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I am beyond confused regarding user authentication in asp.net MVC5... I've been referring this article:

http://blogs.msdn.com/b/webdev/archive/2013/10/16/customizing-profile-information-in-asp-net-identity-in-vs-2013-templates.aspx

And this questions:

MVC 5 Custom UserStore ASP.net Identity - How does UserManager<TUser> Have Access To Roles?

...and getting absolutely know where. Here is the code in my IdentityModel.cs

namespace attempt_4.Models
{

public class ApplicationUser : IdentityUser
{
     public string FirstName { get; set; }
}

public class MyUserStore : IUserStore<ApplicationUser>
{
}

public class ApplicationDbContext<ApplicationUser> : IdentityDbContext<ApplicationUser>
{
    public ApplicationDbContext()
        : base("DefaultConnection")
    {
    }
}
}

And in the controller I'm attempting to get the UserObject with:

   var userManager = new UserManager<ApplicationUser>(new MyUserStore<ApplicationUser>(new ApplicationDbContext()));
  var user = userManager.FindById(User.Identity.GetUserId());

This gives me a plethora of compile errors most in the form of attempt_4.Models.MyUserStore<ApplicationUser>' does not implement interface member 'System.IDisposable.Dispose(), but also one saying ApplicationUser cannot be used as Type parameter 'TUser'.

At the moment I'm using:

var id = User.Identity.GetUserId();
var user = db.Users.First(x => x.Id == id);

This can't be the best way, no doubt the db was already queried due to the [Authorize].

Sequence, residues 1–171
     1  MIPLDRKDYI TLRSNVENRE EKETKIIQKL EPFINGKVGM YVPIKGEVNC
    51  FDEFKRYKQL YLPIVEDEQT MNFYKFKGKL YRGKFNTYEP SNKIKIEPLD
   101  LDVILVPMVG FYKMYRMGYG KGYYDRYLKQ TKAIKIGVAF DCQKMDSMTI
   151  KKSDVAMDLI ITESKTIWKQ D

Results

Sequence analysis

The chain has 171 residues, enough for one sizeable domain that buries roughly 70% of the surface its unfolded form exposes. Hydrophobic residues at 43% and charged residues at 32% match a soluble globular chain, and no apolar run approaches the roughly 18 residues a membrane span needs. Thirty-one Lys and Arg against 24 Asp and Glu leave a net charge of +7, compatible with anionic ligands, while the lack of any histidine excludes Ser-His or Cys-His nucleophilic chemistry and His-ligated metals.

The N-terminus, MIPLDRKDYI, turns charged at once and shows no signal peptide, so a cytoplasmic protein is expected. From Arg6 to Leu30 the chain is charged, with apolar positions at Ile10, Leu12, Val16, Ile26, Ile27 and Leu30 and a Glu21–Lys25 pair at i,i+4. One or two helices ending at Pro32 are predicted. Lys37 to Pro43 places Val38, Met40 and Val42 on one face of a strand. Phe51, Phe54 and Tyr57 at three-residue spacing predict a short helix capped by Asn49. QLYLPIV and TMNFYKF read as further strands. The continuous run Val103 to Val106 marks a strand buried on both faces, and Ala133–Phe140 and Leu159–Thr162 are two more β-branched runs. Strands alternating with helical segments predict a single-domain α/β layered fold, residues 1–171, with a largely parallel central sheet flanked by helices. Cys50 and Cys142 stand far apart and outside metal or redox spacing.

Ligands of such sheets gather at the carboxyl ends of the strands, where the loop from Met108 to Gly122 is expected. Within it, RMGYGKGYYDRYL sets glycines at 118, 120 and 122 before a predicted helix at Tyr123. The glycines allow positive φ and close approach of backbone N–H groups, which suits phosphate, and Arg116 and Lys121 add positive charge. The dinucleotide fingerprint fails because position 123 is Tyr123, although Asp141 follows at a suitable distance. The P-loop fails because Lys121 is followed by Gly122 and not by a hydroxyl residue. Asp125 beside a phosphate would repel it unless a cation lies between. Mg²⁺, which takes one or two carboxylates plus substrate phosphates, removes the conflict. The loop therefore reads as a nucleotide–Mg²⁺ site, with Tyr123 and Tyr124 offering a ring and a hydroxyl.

I don't need anything involving roles or anything fancy... just want to extend the User model and be able to reference it from other models to do stuff like this: db.Apartments.where(apt => apt.OwnerId == currentUserID). That said, what is the best practice for linking tables to the User table? Should I have a int id in the ApplicationUser class to query by? Or should I just use the Guid?

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1 Answer 1

up vote 3 down vote accepted

You're getting an error because you haven't implented the interface you've stated (IUserStore). It's not necessary to make your own UserStore either, you can just use the one that comes out of the box:

new UserManager<ApplicationUser>(new UserStore<ApplicationUser>(new ApplicationDbContext()))

If this doesn't meet your requirements, here's a great guide on how to make your own implementation of ASP.NET Identity: http://odetocode.com/blogs/scott/archive/2014/01/20/implementing-asp-net-identity.aspx

Also, I believe that [Authorize]is just authorizing the user's cookie, not querying the database in any way.

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Awww man. I was missing the using assembly reference... wow. Dirrrr. I mean isn't the 'authorizing the user's cookie' mean check it against the one that was created when the session started? I would assume that's stored in the Users or AccountViewModels table –  Steel Nation Apr 29 '14 at 18:55

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